Something Awaits On The Other Side Of Meditation
The state of higher consciousness achieved on psychedelics can be accessed through meditation.
It was a meditation like any other. Before bed, I settled down to watch my breath for 10 minutes.
I wasn’t feeling tranquil. There were two days to Boards— entrance exams for attorneys — and I wasn’t sleeping well. My mind was busy— thoughts babbling unabetted. And I didn’t really feel like watching that circus.
Still, a practice is a practice. So I closed my eyes and began to breathe. Soon, something remarkable happened.
The first few minutes were fitful. I couldn’t silence my thoughts, even with Jim Dethmer’s 4 x 4 breaths technique. They weren’t cooperating. So eventually, I stopped wrestling and let them prattle.
Suddenly I remembered a remark Yuval Noah Harari made in a recent chat with Tim Ferris about Vipassana meditation. The trick is not to focus on breathing — it’s to watch the breath like an external observer.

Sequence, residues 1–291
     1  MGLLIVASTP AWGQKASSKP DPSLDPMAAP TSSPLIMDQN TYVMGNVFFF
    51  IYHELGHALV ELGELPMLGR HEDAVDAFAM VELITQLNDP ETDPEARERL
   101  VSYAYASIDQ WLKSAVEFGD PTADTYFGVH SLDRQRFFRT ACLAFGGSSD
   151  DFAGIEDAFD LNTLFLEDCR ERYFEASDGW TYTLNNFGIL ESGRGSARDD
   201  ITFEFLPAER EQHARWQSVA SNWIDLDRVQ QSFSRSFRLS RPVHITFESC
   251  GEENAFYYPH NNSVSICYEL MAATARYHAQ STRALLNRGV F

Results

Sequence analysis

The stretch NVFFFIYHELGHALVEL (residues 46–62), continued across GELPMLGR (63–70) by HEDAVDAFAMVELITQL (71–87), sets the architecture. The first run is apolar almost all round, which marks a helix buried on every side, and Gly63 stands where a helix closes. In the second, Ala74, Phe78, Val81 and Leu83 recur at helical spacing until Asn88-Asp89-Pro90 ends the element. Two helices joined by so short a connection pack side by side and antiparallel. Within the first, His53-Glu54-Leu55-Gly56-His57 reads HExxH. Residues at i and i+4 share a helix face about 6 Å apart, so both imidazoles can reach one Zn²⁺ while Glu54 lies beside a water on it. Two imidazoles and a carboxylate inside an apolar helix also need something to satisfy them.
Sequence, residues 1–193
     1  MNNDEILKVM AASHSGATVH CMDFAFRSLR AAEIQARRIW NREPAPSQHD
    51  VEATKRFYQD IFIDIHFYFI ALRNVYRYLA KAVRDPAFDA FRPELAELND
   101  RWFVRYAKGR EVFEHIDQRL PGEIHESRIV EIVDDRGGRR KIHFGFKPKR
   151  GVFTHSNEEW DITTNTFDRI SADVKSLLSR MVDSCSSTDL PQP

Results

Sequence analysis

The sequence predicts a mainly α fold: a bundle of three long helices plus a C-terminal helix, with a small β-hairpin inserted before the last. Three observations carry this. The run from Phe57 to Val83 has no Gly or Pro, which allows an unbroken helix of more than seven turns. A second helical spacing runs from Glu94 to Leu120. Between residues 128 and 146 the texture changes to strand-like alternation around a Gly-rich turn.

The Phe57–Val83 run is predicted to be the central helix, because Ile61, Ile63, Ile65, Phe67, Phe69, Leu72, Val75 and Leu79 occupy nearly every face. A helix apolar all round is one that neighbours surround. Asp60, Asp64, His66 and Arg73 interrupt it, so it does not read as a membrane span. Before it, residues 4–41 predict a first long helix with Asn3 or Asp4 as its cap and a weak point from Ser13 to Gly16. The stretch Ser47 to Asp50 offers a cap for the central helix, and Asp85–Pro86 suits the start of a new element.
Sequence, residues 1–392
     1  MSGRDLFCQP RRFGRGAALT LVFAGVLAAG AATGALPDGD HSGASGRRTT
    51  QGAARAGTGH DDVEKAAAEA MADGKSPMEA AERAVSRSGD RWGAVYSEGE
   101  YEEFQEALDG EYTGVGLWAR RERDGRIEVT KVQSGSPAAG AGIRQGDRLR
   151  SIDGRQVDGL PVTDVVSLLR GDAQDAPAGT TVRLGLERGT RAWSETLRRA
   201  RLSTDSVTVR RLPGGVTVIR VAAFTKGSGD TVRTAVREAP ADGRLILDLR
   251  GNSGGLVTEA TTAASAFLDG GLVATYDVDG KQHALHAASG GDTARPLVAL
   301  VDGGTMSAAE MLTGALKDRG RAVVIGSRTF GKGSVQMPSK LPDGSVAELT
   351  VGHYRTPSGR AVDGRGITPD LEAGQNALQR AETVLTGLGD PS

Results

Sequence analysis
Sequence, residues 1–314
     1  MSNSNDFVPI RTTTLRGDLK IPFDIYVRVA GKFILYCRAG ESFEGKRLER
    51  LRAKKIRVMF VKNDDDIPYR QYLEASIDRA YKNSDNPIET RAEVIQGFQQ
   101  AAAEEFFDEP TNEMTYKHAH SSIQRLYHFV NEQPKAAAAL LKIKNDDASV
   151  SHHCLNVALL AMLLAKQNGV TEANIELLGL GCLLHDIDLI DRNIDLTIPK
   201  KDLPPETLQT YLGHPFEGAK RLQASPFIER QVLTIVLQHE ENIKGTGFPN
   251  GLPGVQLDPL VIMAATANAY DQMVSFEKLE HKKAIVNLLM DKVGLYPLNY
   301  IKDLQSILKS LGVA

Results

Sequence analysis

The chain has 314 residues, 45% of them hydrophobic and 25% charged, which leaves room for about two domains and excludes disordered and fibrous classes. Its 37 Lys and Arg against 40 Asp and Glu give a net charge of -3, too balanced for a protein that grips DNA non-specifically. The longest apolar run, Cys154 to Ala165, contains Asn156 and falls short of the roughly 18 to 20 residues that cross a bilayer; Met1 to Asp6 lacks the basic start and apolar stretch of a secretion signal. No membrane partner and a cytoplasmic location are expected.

So I began to watch. And little changed for some minutes.
But then, something happened that’s difficult to describe.
My attention was fixed on my breath. By that, I mean my conscious attention. The awareness I take for granted to be me. That awareness was absorbed with the air moving gently in and out of my nostrils.
But, as I breathed, something else began rising into consciousness. It felt like a calm intensity had climbed up my spine into my brain, pushing outwards against my cranium with a force equal to its intensity.
At the same time, what felt like a bubble that contained my thoughts fell. Like a bubble in a bath, it came gently to rest on the surface. Then it popped, revealing emptiness inside.
Not one involuntary thought remained after that. I could still think, of course—but with more clarity and by my volition. If I did think, the thought boomed through a cavernous consciousness.
But I didn’t need to think. Because what remained was so satisfying:
- A calm intensity.
- An enlarged awareness.